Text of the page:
POP, POP, POP!

'Babylon' Review: The Dumb Lives of Trigger-Happy Cops

The policemen in Danny Boyle’s dark comedy ‘Babylon’ joke about prison riots, bomb threats, and the shooting of unarmed civilians, while spin doctors clean up their messes.

Dean Rogers/Sundance TV

Babylon, Danny Boyle’s dark comedy about London’s police force and the PR whiz tasked with shaping its public image beyond “trigger-happy meatheads,” comes to American audiences at a delicate time. Policemen on the show joke about prison riots, bomb threats, and the shooting of unarmed civilians. In the first episode, an officer is shown video of himself shooting and killing a man. He frets about how identifiable he is in the grainy footage. “Do you think I have a particular stance? I’m distinctive, aren’t I?” he groans. “Not really, mate,” quips a smirking colleague. “Just the hard-on before you shoot unarmed members of the public.”

A simpler show would have left it at that. But Babylon asks us to do a little more: It wants us to empathize. That officer fretting about his “stance,” we learn, is plagued by PTSD that cripples him both on the job and at home. In a later episode, when an investigation ends with the shooting death of a black teenager (yes, Babylon goes there), that same officer is the only cop who tells the truth about what really happened. We’re asked to see beyond the icky spin tactics of the force’s PR team—who successfully get even Al Jazeera to run friendlier angles—and commiserate with these poor wretches doing their best at an impossible job.

But Babylon doesn’t always succeed at making its characters relatable. In the first three episodes of the six-episode series (if you don’t count the two-hour pilot that aired on SundanceTV last year), it flat-out fails to give us reason to care about these people. It’s too preoccupied with witty wisecracks and sordid backstories to remember to make its characters compelling. Is it funny? Sure, it can be hilarious, especially when skewering cop mentality (“If they’ve got a glock, you pop, pop, pop!”) and petty interoffice politics. But for too long, we’re left without anyone to root for.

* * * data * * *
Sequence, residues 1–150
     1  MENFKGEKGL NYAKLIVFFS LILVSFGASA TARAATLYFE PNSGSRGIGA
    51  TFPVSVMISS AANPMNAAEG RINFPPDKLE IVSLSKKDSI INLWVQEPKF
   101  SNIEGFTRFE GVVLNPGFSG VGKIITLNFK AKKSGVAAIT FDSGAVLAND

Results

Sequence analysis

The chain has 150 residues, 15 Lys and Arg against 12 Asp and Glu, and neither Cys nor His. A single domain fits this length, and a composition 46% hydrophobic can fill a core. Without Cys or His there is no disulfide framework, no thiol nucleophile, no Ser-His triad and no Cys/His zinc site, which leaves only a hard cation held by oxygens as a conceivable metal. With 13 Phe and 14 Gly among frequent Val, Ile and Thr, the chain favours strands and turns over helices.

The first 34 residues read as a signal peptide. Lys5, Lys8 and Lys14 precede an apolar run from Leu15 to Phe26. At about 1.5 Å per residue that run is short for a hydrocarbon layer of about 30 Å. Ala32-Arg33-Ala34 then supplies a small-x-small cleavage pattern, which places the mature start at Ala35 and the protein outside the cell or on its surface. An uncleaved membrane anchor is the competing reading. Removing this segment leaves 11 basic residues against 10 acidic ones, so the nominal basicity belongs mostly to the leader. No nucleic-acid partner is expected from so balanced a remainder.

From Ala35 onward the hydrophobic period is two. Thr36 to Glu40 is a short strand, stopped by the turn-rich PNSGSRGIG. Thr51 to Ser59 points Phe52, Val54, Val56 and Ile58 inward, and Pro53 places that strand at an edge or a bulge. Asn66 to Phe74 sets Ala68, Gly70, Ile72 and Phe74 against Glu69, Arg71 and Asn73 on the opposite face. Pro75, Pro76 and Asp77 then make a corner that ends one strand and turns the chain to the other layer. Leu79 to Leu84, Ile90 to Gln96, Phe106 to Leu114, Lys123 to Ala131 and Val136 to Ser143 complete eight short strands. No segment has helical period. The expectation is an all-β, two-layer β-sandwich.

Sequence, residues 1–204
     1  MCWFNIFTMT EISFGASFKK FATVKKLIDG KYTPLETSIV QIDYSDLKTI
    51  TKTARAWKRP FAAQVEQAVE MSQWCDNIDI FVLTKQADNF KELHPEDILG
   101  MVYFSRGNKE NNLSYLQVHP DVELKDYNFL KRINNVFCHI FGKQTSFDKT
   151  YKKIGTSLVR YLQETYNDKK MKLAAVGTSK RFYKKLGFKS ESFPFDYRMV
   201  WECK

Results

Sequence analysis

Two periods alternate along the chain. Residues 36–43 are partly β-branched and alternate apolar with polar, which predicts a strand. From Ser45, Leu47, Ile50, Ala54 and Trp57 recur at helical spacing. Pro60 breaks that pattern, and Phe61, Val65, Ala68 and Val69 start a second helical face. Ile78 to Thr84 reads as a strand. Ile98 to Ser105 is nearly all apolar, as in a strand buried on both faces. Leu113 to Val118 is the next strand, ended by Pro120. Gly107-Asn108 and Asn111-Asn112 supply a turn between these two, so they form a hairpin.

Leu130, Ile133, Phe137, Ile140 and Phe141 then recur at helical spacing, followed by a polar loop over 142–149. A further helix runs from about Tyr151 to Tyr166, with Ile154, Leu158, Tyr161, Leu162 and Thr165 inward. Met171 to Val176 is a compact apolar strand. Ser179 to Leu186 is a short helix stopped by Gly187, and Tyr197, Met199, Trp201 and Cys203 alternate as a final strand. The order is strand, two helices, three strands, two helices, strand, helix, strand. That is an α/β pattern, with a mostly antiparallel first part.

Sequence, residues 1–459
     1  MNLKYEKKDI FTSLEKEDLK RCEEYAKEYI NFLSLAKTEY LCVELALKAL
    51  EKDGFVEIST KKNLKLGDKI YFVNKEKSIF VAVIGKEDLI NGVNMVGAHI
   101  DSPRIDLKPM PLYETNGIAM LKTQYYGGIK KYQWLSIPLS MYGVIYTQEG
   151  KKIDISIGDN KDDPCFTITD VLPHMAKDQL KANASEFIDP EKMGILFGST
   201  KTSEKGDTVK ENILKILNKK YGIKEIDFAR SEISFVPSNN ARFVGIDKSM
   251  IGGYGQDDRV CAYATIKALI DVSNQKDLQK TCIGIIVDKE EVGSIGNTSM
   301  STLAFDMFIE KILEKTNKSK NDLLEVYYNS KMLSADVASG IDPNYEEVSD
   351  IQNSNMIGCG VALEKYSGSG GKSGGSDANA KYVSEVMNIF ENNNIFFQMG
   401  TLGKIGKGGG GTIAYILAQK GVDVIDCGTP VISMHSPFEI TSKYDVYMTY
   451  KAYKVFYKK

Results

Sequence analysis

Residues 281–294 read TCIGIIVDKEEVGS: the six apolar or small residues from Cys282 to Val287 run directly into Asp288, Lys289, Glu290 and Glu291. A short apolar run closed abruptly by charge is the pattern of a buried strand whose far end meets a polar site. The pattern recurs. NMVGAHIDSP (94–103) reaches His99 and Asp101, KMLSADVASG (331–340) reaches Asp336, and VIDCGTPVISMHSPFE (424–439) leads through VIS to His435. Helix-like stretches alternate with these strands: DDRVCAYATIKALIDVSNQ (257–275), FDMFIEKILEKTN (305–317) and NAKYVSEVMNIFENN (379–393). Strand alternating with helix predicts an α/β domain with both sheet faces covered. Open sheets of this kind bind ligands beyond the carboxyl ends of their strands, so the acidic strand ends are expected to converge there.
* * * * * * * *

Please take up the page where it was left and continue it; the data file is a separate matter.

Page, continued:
That said, things fall into place after Episode 3 with a sudden, traumatic event. The jokes stay incisive, and just like that, the caricatures populating New Scotland Yard become real people—ones you want to follow to the end. Writers Jesse Armstrong and Sam Bain may occasionally bite off more than they can chew with the drama, but their comedy at least has been finely honed. They wrote for Peep Show and The Thick of It, which led to Veep—another satire with foul-mouthed humor similar to Babylon’s.

The show begins by introducing us to communications wunderkind Liz Garvey (Brit Marling), who’s been poached from Instagram and lured across the pond to London’s Metropolitan Police. She’s an idealist, always talking about “360-degree communication” (blah blah, TED Talk jargon, blah). Some of her ideas sound batshit insane, like her proposal to found a police-run news network to “shut out the press and go directly to the public!” A rival points out that the “Metwork” would be like Kim Jong-un getting his own channel to do stories on cute pets, but Garvey has a point: Real news networks don’t often cover the stuff police get right. Airing the force’s victories and mistakes—even on a phony-sounding network—just may rebuild public trust. (That, or she’s spin-doctored us into buying her idea.)

Garvey answers to Police Commissioner Richard Miller (the excellent James Nesbitt), a gruff Irishman hiding a slew of dark secrets. There’s his right-hand man, Charles Inglis (Paterson Joseph) who’s getting tired of second place, and greasy PR underling Finn (Bertie Carvel), who undermines Garvey at every opportunity. Out in the field, Nick Blood as Officer Warwick is the show’s most sympathetic man in blue—er, checkers—and Adam Deacon as clownish Robbie successfully unnerves as a rookie with a huge gun (you can imagine how that goes).

There are affairs, backstabbings and shocking twists, though the show is best in its farcical takes on office dwellers, when showcasing Garvey’s great ideas, or when we’re in the field on tense missions with the officers—not, say, when we’re at a bar shooting the shit with cops whose names we barely remember anyway.

But the show moves at a clipped pace so we never dwell for too long—and it’s certainly ballsy in facing uncomfortable police issues head-on with such biting wit. We already know there’s two sides to every story, but Babylon wants to teach a different lesson: Cops are just dumb humans like the rest of us.